Cancer is the second leading cause of death in the United States and will kill nearly 600,000 Americans in 2016.1 Of these, 50,000 will succumb to colorectal cancer.
Even when detected and removed, the recurrence rate of colorectal cancer (CRC) is estimated to be 30-40%, with approximately 80% of those recurrences expected to occur within two years of initial surgical resection. Recent studies in Stage II and Stage III recurrences suggest a five-year survival rate of approximately 20-30%.2,3 Early detection of CRC recurrence is thus important to provide clinicians with the widest window for intervention.
Current clinical guidelines include annual investigation and follow-up for three to five years post resection using computed tomography (CT) scans complemented by carcinoembryonic antigen (CEA) blood testing two to four times a year. While CEA testing is included in surveillance guidelines issued by the American Society of Clinical Oncology (ASCO), the National Comprehensive Cancer Network (NCCN) and others, the test has well known deficiencies. Approximately 74% of resectable cancers are missed.4 Furthermore, CEA testing may yield high false-positive rates caused by inflammatory diseases, smoking and infection. CEA testing-while a valuable tool-is not viewed with high confidence among clinicians and may lead to excessive referrals for expensive and unnecessary diagnostic imaging.
To reduce the mortality rate of colorectal cancer, we must improve the early detection of cancer relapse and better understand the nature of minimal residual disease leading to metastasis.
We have known for decades that cancer is a disease of the genes. The most widely accepted conceptual model suggests oncogene promotion that pushes cells down pathological pathways or else a breakdown in tumor suppressor gene networks that fail to contain the cell within the normal, nonmalignant state. Building on greatly improved molecular biology tools (e.g., modern PCR, high speed DNA extraction, etc.) and a better understanding of cancer genetics, there is an inexorable shift toward detecting and tracking cancer at the genomic level using modern pathology methods.
In particular, diagnostic testing based on DNA leaking from tumors into the bloodstream, the circulating tumor DNA (ctDNA) fraction, is advancing rapidly. Unlike tissue-based biopsies, obtaining blood is a minimally invasive, low-cost sampling method, and several proof-of-concept studies have demonstrated that ctDNA can detect organ specific disease types, including non-small cell lung cancer (NSCLC), breast and colorectal cancers.5,6,7
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For colorectal cancer, there are a growing number of ctDNA-based solutions being advanced for clinical testing. Many are based on the recognition of known hot-spot mutations implicated in the cancer gene pathway.5,8,9,10 Other tests are aimed at detecting epigenetic changes (e.g., gene silencing by hypermethylation). Epigenetic-based biomarkers may have advantages over mutation-based tests if epigenetic biomarkers prove to be more stable as the cancer evolves over time and becomes more heterogeneous with respect to mutation profile. Perhaps unsurprisingly, the first FDA approved ctDNA test for colon cancer screening is based on methylation detection.11,12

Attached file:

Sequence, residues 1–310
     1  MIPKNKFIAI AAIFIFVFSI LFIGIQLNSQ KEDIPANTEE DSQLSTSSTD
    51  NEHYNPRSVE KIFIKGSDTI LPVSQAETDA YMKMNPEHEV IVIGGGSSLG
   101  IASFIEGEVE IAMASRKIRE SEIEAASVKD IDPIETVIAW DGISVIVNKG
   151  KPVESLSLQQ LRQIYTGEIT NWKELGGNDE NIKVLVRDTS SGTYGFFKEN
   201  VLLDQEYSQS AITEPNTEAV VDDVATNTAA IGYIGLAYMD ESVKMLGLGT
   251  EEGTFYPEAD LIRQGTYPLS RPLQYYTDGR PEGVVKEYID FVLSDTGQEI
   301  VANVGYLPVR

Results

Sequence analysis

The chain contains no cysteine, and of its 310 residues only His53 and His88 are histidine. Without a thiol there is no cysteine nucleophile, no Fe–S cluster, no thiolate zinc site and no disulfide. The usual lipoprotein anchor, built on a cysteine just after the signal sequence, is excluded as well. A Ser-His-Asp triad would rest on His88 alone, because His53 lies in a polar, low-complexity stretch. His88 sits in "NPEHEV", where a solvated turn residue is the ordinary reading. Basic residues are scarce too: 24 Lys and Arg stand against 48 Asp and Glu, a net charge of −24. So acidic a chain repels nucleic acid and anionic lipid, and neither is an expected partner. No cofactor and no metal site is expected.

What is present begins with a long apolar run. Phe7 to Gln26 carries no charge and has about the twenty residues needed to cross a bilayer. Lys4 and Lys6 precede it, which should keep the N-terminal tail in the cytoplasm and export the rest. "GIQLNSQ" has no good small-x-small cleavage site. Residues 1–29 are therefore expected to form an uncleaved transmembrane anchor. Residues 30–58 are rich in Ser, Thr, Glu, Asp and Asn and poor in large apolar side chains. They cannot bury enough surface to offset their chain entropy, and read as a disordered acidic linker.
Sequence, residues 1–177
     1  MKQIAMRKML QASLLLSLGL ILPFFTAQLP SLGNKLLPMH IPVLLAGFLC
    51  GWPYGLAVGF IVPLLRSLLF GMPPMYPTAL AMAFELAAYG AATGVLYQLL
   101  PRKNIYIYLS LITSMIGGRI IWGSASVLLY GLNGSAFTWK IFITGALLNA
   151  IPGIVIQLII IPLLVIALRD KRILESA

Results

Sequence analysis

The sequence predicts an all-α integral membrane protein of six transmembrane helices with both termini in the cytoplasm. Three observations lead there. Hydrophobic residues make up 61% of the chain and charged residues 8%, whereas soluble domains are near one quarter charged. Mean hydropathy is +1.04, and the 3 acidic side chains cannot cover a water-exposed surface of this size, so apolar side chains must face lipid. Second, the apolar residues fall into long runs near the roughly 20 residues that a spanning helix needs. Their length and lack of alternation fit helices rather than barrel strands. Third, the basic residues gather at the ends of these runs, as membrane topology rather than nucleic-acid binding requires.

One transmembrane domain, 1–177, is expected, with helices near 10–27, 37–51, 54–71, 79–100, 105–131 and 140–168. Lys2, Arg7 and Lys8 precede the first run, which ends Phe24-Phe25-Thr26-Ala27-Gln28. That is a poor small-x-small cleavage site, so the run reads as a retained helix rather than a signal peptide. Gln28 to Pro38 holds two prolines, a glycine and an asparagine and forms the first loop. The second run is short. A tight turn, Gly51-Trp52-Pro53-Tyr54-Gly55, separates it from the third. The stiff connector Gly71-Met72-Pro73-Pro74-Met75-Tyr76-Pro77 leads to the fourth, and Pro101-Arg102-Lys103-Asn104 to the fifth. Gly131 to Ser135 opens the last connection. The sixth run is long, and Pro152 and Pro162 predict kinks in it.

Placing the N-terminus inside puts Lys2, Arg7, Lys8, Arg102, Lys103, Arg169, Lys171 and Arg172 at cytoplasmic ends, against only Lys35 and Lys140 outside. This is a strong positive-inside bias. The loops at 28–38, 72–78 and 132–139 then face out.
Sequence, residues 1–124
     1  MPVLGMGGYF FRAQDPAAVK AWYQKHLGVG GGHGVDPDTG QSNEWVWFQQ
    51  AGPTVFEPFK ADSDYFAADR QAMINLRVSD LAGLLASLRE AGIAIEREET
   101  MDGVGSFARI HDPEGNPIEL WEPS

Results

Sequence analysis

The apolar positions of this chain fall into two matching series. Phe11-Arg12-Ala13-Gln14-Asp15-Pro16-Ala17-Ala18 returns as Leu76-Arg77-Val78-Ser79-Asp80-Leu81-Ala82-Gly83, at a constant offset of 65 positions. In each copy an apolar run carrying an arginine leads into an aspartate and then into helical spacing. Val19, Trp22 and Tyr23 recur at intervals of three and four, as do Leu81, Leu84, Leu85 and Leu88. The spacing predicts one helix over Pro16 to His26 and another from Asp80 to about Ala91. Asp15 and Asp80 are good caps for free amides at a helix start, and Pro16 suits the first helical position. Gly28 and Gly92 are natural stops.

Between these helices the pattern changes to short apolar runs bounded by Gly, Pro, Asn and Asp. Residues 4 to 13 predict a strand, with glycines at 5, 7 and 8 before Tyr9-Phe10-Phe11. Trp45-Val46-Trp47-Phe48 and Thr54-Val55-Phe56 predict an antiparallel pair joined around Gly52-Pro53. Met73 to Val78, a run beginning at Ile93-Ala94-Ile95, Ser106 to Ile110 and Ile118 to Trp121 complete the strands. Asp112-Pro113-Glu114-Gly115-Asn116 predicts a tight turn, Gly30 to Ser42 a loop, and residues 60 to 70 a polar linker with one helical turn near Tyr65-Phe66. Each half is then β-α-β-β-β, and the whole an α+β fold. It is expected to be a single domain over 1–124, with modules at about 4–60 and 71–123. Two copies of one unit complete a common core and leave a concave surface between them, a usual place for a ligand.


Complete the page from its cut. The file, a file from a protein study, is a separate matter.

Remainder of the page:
Our own work to introduce a commercial ctDNA test is supported by almost a decade of research and provides encouraging proof of concept that ctDNA can reliably inform colorectal cancer recurrence.13,14,15 Studies measuring the level of methylated BCAT1 and IKZF1-two genes closely linked to CRC-in DNA extracted from plasma show two-fold better sensitivity than CEA testing without significant loss of specificity.16
While the field has progressed significantly, the integration of ctDNA testing into routine clinical care will require ongoing clinical evaluation and important questions will need to be addressed.
From a clinical chemistry perspective, circulating DNA (whether of cancer or benign origin) represents a new analyte. Passionate cancer researchers have invested heavily to discover and publish the next “breakthrough” cancer biomarkers to detect cancer. Yet, there is poor understanding of the normal range of free circulating DNA in healthy controls. Does the detection of circulating “tumor” DNA always mean there is a tumor to worry about? What is the optimum sample volume for detecting these rare circulating molecules? How often should we draw blood to look for ctDNA?
We will also need to evolve the monitoring pathway given the potential that ctDNA-based recurrence detection is able to pick up minimal residual disease earlier, sometimes much earlier, than current radiology imaging modalities are able to localize secondary lesions.5 Early detection in this circumstance may leave surgeons and oncologists with no obvious treatment pathway, and may result in patient anxiety. The question of how to translate sensitive and specific ctDNA tests to clinically actionable data- in order to improve patient outcomes-must be explored.
Sixteen years after the completion of the Human Genome Project, however, we now find ourselves at the beginning of the genomic testing era as human genome biomarkers become routine for patient care. The promise of ctDNA diagnostic tests, such as those developed for detecting colorectal cancer recurrence, creates profound opportunities to identify and treat cancer at its most deadly stage, metastasis.
Lawrence LaPointe is president and CEO, Clinical Genomics.
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